[R. 3:16.]

Although Rule 3:16 is modeled after Federal Rule 43, the 1992 amendments to Rule 3:16 that were made at the Court's direction in Hudson eliminated the distinction between defendants who fail to appear at the commencement of trial and those who fail to appear thereafter. Hudson, (supra) , 119 N.J. at 182.

IV

We agree with the State that Hudson and Rule 3:16 as amended in 1992, are dispositive of this appeal. In Hudson, two defendants were present in the courtroom on the morning of trial, but prior to the impaneling of a jury, scheduled for later that day, they left the courtroom. Hudson, (supra) , 119 N.J. at 168. Because one of the defense attorneys was engaged in a different case before another Judge, the Hudson case was delayed until the afternoon session. When the defendants failed to return to the courtroom for the afternoon session, the trial court determined that they had voluntarily absented themselves and ordered jury selection to begin. Id. at 169. The trial proceeded in absentia, and the defendants were convicted. Id. at 169-70. This Court upheld the defendants' convictions because both defendants knew the place and time of trial and their absence was inexcusable. Id. at 183. (One defendant claimed that he was "shaken up" and the other claimed a fear of incarceration.)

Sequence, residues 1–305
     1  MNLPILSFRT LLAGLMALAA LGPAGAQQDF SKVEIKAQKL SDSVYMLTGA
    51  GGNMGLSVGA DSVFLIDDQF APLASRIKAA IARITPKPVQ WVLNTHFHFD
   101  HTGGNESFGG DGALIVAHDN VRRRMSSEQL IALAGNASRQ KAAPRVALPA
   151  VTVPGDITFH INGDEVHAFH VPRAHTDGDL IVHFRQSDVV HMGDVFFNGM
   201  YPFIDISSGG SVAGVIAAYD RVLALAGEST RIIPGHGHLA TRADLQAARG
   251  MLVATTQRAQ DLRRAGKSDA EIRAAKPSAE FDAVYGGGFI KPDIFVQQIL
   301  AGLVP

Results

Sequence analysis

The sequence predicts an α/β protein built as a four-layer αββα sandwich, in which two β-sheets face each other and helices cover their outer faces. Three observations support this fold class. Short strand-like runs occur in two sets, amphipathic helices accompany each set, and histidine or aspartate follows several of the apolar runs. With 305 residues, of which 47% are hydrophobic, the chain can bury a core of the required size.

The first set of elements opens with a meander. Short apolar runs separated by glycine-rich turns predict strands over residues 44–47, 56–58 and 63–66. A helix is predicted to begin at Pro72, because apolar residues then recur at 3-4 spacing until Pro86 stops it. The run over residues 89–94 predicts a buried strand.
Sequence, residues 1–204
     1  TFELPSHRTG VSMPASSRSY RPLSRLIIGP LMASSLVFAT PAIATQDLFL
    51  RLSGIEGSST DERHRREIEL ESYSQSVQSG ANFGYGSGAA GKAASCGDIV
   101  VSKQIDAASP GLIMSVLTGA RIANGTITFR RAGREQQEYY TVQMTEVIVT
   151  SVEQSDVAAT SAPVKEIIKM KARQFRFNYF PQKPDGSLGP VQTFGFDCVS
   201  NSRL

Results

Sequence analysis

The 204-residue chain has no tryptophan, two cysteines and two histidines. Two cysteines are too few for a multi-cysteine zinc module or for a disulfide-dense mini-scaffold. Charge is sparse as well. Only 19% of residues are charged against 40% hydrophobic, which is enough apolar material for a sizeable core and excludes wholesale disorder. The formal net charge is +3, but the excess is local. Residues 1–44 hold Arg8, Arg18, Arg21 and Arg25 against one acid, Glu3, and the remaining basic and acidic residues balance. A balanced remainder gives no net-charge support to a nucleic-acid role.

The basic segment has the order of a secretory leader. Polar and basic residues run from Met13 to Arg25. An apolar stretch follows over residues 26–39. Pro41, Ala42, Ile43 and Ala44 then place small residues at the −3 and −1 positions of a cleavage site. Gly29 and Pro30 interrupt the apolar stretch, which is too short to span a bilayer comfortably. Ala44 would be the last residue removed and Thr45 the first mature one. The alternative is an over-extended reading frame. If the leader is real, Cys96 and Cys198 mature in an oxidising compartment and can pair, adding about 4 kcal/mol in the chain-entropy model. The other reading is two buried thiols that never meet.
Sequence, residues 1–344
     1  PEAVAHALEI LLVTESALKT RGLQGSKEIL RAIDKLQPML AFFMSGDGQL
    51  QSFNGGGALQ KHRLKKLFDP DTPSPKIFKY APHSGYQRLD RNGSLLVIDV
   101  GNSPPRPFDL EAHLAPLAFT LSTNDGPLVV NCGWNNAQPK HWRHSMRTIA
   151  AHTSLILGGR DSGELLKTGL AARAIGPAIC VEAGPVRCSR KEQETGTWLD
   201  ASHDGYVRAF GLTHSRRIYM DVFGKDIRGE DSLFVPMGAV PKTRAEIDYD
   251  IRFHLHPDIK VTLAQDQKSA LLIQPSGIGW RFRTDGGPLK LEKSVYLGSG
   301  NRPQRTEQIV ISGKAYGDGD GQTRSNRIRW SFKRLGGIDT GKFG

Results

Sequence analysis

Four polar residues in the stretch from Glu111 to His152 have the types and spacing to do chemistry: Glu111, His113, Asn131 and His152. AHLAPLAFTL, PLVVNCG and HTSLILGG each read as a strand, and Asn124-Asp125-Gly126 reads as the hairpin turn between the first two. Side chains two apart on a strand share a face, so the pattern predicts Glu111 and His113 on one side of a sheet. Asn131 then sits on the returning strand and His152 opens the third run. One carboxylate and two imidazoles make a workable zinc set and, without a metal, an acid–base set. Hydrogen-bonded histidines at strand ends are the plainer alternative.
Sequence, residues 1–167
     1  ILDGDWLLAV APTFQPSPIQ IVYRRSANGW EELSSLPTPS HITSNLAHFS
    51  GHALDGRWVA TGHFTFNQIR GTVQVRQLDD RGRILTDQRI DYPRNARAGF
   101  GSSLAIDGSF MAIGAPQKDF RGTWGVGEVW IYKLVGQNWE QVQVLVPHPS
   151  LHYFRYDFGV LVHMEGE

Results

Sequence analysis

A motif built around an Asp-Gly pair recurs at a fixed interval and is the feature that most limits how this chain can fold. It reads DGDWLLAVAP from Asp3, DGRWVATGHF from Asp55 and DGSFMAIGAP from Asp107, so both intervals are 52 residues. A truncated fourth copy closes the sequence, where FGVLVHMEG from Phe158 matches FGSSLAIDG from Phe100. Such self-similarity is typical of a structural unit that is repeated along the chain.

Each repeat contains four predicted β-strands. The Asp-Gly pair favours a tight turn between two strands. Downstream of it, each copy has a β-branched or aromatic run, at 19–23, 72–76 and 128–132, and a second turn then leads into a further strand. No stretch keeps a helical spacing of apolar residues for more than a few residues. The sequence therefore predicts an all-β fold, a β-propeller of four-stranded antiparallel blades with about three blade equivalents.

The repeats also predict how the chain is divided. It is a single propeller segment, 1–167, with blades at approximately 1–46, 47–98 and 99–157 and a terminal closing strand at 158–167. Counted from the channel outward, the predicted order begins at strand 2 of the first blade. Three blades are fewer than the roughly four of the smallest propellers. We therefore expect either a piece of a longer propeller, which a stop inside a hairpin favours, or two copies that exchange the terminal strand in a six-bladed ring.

Hudson held that "a defendant's knowing, voluntary, and unjustified absence before or after trial has commenced does not prevent trial from proceeding in absentia." Id. at 182. The Court explained that "we see no principled reason to distinguish 'between the misconduct of a defendant who deliberately leaves the courtroom shortly after the trial begins and that of a defendant who does so after he has been told that the trial is about to begin.'" Id. at 181 (quoting People v. Sanchez, 65 N.Y.2d 436, 482 N.E. 2d 56, 60, 492 N.Y.S.2d 577 (N.Y. 1985)). Such a distinction would permit a defendant to stall a trial by simply failing to appear before the beginning of trial. Ibid.